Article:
selves for the next election. The Democrats have resolved to support Mr. Tilden for the Presidency, provided his health will allow him to accept the nomination, and the...

Page 3

In the General Assembly of the Free Church of Scotland,

The Spectator

on Tuesday, a division took place on the alleged heresy of Professor Robertson Smith as to the date of Deuteronomy, which was, in effect, a clear victory for the Professor. Dr....

Limerick has, of course, returned a Home-ruler, Mr. Daniel Fitzgerald

The Spectator

Gabbett, in the place of Mr. Isaac Butt. He was elected last Saturday by a majority of 202,—Mr. Gabbett obtain- ing 860 votes, against 658 given for Mr. Spaight, who, however,...

Against Katharine Webster a true bill has been found, but

The Spectator

her trial for the murder of her mistress, Mrs. Thomas, of Rich- mond, is to be postponed, with the assent of the Treasury, till the next sittings of the Central Criminal Court....

Mr. Samuel Charles Whitbread, who was M.P. for Middlesex during

The Spectator

the ten years between 1820 and 1830, died on Tuesday, at the good age of 82. He was hardly a very notable figure in Par- liament, though his father had been an idol of Cobbett's...

There seems to be an Oxford party, represented in a

The Spectator

letter to last Saturday's Times by the Master of Trinity, the Rev. J. Percival, which wants to persuade Lancashire and Yorkshire to give up their notion of a Northern...

Lord Carnarvon, in accepting the honorary freedom and livery of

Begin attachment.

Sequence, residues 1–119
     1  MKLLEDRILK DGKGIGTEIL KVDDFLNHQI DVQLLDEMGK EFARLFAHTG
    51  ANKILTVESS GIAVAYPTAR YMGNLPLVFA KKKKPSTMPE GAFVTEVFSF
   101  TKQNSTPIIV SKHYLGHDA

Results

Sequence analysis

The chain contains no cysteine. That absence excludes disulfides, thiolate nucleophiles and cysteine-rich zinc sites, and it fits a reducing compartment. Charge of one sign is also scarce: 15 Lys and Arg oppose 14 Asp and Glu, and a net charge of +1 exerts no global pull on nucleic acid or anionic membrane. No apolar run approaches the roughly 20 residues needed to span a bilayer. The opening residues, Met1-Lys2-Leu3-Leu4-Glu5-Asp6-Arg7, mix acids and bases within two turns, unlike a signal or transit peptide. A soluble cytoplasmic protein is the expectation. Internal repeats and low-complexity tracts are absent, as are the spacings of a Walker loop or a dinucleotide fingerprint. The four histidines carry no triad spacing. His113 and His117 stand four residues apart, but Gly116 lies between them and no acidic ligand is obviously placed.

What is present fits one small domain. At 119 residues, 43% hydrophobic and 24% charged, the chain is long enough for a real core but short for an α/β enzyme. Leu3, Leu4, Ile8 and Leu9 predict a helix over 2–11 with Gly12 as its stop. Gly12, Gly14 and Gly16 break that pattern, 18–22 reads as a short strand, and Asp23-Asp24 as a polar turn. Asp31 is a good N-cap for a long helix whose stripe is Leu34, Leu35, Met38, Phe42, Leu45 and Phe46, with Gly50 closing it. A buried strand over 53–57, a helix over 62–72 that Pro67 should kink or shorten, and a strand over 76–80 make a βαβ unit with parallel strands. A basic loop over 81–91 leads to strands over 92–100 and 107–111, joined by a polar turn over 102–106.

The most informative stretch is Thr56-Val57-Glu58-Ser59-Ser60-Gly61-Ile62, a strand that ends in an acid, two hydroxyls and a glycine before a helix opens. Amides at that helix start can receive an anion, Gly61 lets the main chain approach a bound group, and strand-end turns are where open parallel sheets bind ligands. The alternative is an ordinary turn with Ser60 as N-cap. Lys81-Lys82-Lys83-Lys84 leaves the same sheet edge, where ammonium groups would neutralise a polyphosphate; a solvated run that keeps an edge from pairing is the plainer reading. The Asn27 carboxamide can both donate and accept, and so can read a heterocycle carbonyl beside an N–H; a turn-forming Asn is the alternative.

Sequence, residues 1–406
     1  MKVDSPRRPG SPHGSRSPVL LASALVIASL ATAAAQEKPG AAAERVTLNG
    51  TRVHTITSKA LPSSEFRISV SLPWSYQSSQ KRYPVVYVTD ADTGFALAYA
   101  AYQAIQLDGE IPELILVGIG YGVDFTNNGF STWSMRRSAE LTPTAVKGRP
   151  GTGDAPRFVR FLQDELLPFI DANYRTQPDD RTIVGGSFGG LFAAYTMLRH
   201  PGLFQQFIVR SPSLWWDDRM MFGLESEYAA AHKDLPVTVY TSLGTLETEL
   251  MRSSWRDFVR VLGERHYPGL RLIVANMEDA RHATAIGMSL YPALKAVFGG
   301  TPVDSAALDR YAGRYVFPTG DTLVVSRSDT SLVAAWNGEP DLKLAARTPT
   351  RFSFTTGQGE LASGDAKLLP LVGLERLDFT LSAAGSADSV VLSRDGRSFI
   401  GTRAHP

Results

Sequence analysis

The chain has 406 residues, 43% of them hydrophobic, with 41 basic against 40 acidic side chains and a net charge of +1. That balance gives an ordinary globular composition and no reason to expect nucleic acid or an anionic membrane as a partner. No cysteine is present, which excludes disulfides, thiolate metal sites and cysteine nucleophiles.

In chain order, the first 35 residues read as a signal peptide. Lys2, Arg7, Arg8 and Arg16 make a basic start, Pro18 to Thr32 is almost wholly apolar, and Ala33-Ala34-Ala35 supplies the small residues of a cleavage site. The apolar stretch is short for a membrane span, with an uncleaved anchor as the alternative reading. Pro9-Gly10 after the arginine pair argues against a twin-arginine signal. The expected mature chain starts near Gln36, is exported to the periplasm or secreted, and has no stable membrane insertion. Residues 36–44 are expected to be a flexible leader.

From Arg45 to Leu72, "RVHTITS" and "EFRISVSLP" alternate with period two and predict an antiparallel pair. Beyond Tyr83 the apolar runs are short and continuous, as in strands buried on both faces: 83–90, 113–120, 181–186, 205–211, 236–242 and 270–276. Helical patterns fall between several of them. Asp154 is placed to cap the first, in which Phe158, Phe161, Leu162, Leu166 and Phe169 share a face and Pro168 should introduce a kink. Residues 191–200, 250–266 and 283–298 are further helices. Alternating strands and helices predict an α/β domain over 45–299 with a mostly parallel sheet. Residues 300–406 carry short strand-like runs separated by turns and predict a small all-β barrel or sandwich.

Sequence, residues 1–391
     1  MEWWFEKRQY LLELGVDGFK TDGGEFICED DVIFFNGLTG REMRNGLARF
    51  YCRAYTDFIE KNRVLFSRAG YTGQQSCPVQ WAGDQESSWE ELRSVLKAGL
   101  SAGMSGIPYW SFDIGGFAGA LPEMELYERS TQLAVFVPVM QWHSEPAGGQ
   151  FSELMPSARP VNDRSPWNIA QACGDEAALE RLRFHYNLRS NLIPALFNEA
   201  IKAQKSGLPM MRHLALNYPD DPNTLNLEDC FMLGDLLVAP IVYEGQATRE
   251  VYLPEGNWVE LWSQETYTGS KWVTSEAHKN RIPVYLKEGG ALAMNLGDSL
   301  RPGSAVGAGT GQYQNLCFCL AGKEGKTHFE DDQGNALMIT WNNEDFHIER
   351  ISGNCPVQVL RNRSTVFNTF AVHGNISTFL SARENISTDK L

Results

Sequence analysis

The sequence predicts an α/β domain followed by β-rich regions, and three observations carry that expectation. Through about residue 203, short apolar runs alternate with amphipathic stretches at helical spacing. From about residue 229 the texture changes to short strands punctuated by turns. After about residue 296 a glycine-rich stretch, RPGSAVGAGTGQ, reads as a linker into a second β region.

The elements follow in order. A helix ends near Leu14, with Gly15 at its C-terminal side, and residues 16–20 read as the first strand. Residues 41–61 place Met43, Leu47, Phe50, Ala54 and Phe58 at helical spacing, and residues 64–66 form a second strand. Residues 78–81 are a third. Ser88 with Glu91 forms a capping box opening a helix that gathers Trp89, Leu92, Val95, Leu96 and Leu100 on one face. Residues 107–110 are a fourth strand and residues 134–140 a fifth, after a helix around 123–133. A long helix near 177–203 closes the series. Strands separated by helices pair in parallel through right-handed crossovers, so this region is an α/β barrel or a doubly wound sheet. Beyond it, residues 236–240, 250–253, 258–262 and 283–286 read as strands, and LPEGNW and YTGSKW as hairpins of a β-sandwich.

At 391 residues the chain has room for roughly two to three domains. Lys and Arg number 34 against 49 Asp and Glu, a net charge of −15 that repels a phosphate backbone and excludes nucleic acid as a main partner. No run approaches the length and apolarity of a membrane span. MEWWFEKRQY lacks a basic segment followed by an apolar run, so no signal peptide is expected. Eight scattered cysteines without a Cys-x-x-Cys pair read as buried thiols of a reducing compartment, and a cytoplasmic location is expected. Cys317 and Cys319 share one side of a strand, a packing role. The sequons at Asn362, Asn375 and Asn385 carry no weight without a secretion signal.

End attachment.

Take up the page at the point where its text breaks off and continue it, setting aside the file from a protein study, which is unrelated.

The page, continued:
The Spectator

the Cutlers' Company, on Thursday week, in a ban- quet given at Freemasons' Hall, made an interesting speech on the sagacity, growth, and power of London. London, he said, had,...

Consols were on Friday 99 to 99/t.

The Spectator

Page 4


The Spectator

THE CHANGE IN SOUTH AFRICA. T HE country is a little disposed, in its thankfulness at the supersession of Sir Bartle Frere and Lord Chelmsford, to exaggerate the immediate...

Page 5

THE PEACE WITH AFGHANISTAN. T HE terms of Peace with Afghanistan

The Spectator

have at last reached London, but they will not modify the judgment pro- voked by the rumoured arrangements. The Peace is a botched- up affair, bringing Great Britain nothing but...


The Spectator

S HREWD Conservative Members will tell you with one voice that nothing is less probable than a Dissolution in the autumn,—and as shrewd Conservative Members will cer- tainly...

Page 7

COMMUNISM IN CALIFORNIA. R ESPECTABLE Americans are amazed and alarmed at

The Spectator

the new Constitution adopted by California, and if we may judge from the imperfect accounts which have as yet reached this country, they have reason for apprehension. The Labour...

Page 8


The Spectator

e r s u t p a n t d h e t i r h e m V . o d l u s n t t h a a r 3t7,i all s , c — h u t h r c e h R e a n d d i c o a w l m s w e n h t o s by the State are infractions of the...

Page 9


The Spectator